The weekend was filled with those moments in motherhood you never forget. Friday afternoon Catybug “sprung” at me after school in excitement that she wanted two friends to come over. With a sigh and an eyeroll, I agreed. The inconvenienced, hates last minute plans mother in me was thinking “that new Wii
ought to entertain everyone” (I really do try to avoid Drama! wherever possible.) Deep down, though, what I was really thinking was “I never got to do this when I was a kid. Say yes.” And I loaded up the car with children and we headed home.
There was giggling and talking and more talking, as you can imagine. They played the Wii, and I escaped out the back door to get up close and personal with far too many dandelions. Of course it didn’t take long before Chickeymonkey came outside to me crying that they weren’t taking turns, so I enlisted her eagle eyes for dandelion detection and she was a happy girl.
Just as I finished placing the pizza order (because that’s what you do, when you’re a cool mom), another of Catybug’s girlfriends stopped over on her bike. I went into “holy crap that’s a lot of kids” mode again, but it quickly dissipated and I welcomed her in. They decided to play outside, together. I sat down at the dining room table and began cutting lily pads (placemats for our Church’s mother daughter banquet) and waiting for the pizza to arrive. It was quiet in the house, and I could hear the girls all giggling and talking outside, and I watched them playing in the yard from the dining room.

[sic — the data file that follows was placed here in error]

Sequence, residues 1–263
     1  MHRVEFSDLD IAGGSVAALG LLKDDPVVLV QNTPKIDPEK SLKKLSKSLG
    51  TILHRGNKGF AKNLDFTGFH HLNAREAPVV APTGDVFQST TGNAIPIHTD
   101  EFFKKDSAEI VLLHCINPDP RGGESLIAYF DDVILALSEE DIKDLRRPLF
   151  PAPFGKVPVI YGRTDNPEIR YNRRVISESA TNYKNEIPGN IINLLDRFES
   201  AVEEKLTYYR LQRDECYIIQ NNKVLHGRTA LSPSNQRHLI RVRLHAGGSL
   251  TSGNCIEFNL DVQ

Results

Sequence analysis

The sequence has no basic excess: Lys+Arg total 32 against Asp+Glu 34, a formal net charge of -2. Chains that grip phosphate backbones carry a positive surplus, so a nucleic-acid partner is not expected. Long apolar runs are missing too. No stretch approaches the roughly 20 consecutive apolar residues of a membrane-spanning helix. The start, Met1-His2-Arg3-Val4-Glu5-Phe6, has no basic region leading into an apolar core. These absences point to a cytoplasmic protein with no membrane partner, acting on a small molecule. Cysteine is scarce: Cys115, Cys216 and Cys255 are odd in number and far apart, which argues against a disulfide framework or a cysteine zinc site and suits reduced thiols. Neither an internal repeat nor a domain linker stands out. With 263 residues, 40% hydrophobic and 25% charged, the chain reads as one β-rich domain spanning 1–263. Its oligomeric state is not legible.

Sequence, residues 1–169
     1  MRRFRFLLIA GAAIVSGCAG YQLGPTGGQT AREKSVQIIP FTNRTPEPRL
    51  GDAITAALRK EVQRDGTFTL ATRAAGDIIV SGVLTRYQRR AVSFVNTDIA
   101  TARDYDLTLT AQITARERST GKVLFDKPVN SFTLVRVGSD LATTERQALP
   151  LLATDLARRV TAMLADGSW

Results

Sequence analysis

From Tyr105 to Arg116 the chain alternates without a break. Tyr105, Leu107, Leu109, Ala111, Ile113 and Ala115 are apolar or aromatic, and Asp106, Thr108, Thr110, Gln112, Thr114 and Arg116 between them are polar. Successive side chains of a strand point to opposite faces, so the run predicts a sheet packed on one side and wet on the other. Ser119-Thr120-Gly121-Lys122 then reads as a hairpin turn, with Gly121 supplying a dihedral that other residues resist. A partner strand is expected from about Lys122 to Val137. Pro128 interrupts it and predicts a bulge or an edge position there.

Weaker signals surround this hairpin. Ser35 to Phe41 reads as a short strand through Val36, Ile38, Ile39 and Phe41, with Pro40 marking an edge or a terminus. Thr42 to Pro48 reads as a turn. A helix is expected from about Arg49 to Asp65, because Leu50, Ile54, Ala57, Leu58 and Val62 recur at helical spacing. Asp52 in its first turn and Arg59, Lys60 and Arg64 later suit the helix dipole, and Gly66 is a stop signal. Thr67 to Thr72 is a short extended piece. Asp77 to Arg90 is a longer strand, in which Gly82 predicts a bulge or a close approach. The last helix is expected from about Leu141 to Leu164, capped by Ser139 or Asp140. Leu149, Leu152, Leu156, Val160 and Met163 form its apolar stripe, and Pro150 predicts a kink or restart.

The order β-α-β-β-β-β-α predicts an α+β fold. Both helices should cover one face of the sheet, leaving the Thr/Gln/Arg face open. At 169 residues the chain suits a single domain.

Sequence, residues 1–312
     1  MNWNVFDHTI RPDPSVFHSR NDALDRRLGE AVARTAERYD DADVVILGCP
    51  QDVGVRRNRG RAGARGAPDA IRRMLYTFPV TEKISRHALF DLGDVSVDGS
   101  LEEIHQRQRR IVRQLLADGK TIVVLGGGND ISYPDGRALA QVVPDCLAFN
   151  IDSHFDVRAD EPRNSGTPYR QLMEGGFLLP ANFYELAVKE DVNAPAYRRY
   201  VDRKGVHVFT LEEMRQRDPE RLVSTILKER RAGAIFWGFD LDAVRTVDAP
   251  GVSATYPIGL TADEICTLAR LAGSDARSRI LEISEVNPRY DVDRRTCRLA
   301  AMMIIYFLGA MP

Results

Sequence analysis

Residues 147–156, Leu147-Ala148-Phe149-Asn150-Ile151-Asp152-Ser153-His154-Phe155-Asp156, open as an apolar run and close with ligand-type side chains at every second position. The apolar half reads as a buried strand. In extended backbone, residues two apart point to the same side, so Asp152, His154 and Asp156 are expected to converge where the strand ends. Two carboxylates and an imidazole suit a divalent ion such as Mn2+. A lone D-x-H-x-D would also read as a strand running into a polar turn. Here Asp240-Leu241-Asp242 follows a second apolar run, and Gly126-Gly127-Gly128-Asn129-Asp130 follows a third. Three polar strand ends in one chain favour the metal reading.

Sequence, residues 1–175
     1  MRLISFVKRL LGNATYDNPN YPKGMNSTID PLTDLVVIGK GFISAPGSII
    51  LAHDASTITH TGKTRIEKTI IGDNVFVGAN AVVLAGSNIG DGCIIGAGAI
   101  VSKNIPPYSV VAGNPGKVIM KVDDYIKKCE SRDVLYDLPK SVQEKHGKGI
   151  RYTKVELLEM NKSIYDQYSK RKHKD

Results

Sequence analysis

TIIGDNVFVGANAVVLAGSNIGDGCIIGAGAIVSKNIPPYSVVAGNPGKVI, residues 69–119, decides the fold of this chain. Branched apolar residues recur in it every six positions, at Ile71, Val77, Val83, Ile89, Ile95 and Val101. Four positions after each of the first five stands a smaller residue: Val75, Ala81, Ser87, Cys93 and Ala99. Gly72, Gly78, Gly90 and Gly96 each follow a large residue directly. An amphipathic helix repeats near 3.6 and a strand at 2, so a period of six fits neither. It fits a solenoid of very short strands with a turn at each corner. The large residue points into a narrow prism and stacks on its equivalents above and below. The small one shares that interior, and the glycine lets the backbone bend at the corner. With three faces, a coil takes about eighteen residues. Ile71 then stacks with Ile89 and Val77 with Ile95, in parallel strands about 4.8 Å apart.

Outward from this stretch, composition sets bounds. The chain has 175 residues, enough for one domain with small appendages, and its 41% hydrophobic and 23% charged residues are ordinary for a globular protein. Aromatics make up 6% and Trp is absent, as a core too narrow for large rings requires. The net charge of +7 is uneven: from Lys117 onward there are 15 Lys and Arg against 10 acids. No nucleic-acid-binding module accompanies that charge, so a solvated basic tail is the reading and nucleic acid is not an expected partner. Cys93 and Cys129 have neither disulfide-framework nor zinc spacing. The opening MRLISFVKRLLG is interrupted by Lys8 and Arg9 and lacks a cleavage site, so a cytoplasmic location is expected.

The mommy moment kicked in when they all moved to the playset. Two on the swing, two on the glider rocker, and one in the clubhouse. All of them smiling and carrying on. A sweet smile evolved on my face and tears welled up in my eyes. This is it, I thought. This is what it’s all about. I wish I had this when I was a kid, all of my friends over playing on the swingset.
I wondered if the girls knew how precious that moment was, if they knew that they’ll be glad to have that memory when they’re adults, or when they’re lonely, missing their friends, feeling like they don’t have any, or are just having a sad day.
At that moment, I grabbed my camera and opted to capture that moment for them and for me. I admit, I felt accomplished. I felt like I had succeeded in Motherhood and I may have even put on a little awards ceremony in my head, just for me. (And I was also in the audience, cheering myself on.)
The pizza arrived and the girls all clamored into the family room around the super cool Ikea kids’ table to eat and watch TV. They gobbled up a full pizza in a matter of minutes, and of course no girly gathering would be complete without some soda spillage. I went from cool mom to maid in a matter of seconds as I went over the floor half a dozen times to get rid of the “sticky” (hate soda. HATE.)
Within a few hours (and a lot of yawning on my part, since last week was not a good week for sleeping through the night at my house), the girls parents had arrived, they departed and my girls were left with sad faces because their friends were gone. It was a late night for them, and we had an early morning ahead of us as our Church’s mother daughter banquet was scheduled for 10am Saturday and being on the committee meant I had lots of stuff to do to prepare, and had to arrive early.